Monday, September 14, 2015

NCTM Leads the way for "Ensuring Math Success for All"

Teacher candidates and I are reading The National Council of Massachusetts' publication, Principals to Action, Ensuring Math Success for All. This publication outlines the components of a successful math program today. While reading the book, we are posing questions one could ask as he/she evaluates his or her readiness for or practice as a math teacher.

I've listed my questions below and included two terrific guiding charts from the publication. I recommend that every math teacher read this terrific, timely publication (c. 2014) to spur continued growth and apt math education for every child. You can buy the book version or download the PDF for a very reasonable cost.

My Questions
Note that I wrote questions that I'll use to guide my classroom teaching efforts. 
  • How do we eliminate racial, ethnic, and income achievement gaps with respect to math education and reach a high level of math learning for all students?
  • How do we balance focus on learning procedures with meaningful, relevant application and use of procedures?
  • In what ways can we lift, deepen, and broaden the math curriculum?
  • How can we teach so that there is less focus on tests?
  • In what ways can we eliminate professional isolation, develop greater coaching, promote high quality math professional learning, and develop a collaborative structure for our craft as math educators?
  • What do I need to know better in math in order to have a deep understanding of the discipline?
  • How can I make sure that students are effective learners and doers of math?
  • How can I inspire students' interest and curiosity for math learning and application?
  • What "high leverage" practices do I currently use and promote in math class? 
  • What practices are most effective for learning math?
  • When and how do I give students the chance to engage with challenging tasks that support meaningful learning?
  • How do I connect new learning with prior knowledge?
  • In what ways do I address preconceptions and misconceptions?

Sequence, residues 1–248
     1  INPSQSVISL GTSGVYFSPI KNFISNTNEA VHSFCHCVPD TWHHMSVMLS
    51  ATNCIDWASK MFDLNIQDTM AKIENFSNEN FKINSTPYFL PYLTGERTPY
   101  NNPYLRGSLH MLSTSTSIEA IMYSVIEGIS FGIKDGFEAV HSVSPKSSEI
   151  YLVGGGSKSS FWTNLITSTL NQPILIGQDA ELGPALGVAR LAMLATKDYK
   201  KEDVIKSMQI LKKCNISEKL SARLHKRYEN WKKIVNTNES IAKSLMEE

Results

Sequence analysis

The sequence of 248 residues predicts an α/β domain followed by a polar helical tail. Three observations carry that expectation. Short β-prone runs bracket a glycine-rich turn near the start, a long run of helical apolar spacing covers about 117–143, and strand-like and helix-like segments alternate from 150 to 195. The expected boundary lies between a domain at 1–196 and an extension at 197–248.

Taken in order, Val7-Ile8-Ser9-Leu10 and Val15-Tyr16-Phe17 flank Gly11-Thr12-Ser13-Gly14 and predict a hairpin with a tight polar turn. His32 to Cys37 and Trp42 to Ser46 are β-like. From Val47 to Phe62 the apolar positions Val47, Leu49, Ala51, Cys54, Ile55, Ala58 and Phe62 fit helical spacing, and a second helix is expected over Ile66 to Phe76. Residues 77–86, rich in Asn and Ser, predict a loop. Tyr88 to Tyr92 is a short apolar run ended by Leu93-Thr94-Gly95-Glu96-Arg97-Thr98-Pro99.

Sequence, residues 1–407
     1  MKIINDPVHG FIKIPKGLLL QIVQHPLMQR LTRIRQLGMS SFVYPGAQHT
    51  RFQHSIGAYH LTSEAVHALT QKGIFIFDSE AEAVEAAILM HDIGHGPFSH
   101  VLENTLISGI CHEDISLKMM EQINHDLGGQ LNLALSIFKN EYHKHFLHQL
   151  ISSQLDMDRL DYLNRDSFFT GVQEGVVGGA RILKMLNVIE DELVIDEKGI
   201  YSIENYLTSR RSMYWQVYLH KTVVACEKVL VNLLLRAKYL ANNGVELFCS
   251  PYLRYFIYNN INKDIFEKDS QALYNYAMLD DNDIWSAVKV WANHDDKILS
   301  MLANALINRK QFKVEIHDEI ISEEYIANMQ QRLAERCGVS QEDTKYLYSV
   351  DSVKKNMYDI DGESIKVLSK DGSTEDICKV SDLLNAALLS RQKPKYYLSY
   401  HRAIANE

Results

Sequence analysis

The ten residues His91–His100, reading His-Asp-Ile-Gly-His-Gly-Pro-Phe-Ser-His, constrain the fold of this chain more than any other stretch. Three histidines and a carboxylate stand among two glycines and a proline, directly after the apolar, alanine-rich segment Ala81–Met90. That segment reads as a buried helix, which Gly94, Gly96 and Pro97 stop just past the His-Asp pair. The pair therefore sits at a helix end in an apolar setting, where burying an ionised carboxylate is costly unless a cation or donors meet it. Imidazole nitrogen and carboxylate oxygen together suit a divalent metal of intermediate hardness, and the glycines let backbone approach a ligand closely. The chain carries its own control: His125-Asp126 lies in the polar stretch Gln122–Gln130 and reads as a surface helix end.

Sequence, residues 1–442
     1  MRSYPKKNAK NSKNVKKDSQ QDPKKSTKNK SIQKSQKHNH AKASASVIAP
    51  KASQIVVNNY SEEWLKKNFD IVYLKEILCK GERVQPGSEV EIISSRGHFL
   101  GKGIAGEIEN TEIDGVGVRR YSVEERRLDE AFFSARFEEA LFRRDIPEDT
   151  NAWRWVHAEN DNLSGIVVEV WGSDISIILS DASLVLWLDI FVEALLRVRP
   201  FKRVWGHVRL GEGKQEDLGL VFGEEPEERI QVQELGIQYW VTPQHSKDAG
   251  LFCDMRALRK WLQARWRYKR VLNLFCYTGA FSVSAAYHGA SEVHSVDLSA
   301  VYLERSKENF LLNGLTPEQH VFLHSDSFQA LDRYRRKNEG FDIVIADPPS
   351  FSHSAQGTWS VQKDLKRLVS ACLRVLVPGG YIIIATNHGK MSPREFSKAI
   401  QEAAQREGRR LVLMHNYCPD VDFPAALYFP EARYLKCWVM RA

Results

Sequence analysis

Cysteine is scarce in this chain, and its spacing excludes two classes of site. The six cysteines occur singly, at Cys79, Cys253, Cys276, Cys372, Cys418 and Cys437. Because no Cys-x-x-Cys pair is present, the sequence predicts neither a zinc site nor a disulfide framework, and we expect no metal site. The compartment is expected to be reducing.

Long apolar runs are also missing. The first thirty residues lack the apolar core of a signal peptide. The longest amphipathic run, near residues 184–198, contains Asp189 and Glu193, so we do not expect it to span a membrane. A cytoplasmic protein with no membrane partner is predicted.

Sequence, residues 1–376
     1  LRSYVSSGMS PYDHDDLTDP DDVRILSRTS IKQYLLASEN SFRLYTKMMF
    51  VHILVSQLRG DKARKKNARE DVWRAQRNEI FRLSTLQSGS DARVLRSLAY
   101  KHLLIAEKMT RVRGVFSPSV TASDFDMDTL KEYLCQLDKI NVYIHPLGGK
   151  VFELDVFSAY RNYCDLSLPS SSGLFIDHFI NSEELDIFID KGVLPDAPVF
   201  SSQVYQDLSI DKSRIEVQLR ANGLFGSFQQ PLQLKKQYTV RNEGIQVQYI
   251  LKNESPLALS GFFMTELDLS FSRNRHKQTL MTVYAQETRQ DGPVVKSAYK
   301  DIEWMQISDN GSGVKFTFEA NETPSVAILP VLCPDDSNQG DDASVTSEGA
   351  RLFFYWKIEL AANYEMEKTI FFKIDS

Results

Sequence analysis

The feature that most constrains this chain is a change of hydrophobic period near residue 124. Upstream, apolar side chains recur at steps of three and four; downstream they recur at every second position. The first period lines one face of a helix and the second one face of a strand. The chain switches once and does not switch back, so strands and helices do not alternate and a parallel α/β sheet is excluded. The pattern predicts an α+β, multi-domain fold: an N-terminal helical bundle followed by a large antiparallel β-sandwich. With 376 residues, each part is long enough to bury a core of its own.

• How do I help students meaningfully organize knowledge, acquire new skills, and transfer and apply knowledge to new situations?
  • Do I give students the opportunity to socially construct knowledge through discourse, activity, and interaction related to meaningful problems?
  • In what ways do I provide meaningful, descriptive feedback so students can reflect on and revise their work, thinking, and understanding.
  • How do I help students develop metacognitive awareness of themselves as learners, thinkers, and problem solvers?
  • How do I help students learn to monitor their learning and performance?
  • How do I move from the old-time, traditional math lesson of "review, demonstration, and practice" to new and more successful patterns that include establishing goals, implementing tasks that promote reasoning and problem solving, using and connecting  mathematical representations, facilitating meaningful math discourse, posing purposeful questions, building procedural fluency from conceptual understanding, supporting productive struggle in learning mathematics, and using evidence of student thinking to assess progress and adjust/enrich instruction? 
  • When introducing a new concept do I set goals, demonstrate rationale, show connections to past learning, and help students to identify the central mathematical ideas and where they are going?
  • How do I identify and use tasks that promote high level reasoning and problem solving?
  • How do I promote active inquiry and exploration in math class?
  • How do students in my class examine, explain, and compare concepts through a variety of representations? How do we make this work explicit to one another?
  • In what ways do I promote mathematical discourse?
  • Do I pose a variety of meaningful, rich questions in the math class to spur student thought, problem solving, and mathematical reasoning?
  • Do I make the connection between procedural fluency and the underlying concept as I coach students toward procedural fluency?
  • Do students understand that mathematical fluency means the ability to flexibly choose among methods and strategies to solve problems?
  • How do I promote productive struggle and perseverance?
  • How do I allow students to reveal, reflect on, critique, assess, and monitor their math thinking?
  • How is our commitment to access and equity visible in our math program?
  • Do we have a powerful curriculum?
  • Do we have appropriate tools and technology?
  • Do we employ meaningful and aligned assessment?
  • Do we exhibit a culture of professionalism?
  • Do I have adequate access to technology, and do I use technology in ways that deepen and further students' mathematical reasoning and problem solving ability?
  • Do I use assessments effectively to promote thoughtful, forward moving math education for every child?
  • Do I foster, contribute to, and support a culture of professional collaboration and continual improvement?
  • Do my colleagues and I work as a professional team to research, analyze, and create best practices with regard to math teaching and learning?
  • Do I reflect regularly in ways that develop my practice as a math educator?
  • Is the curriculum map a flexible resource which allows for reasonable variation to meet students' needs?
  • Have we collectively established criteria and protocols for use of technology in math class?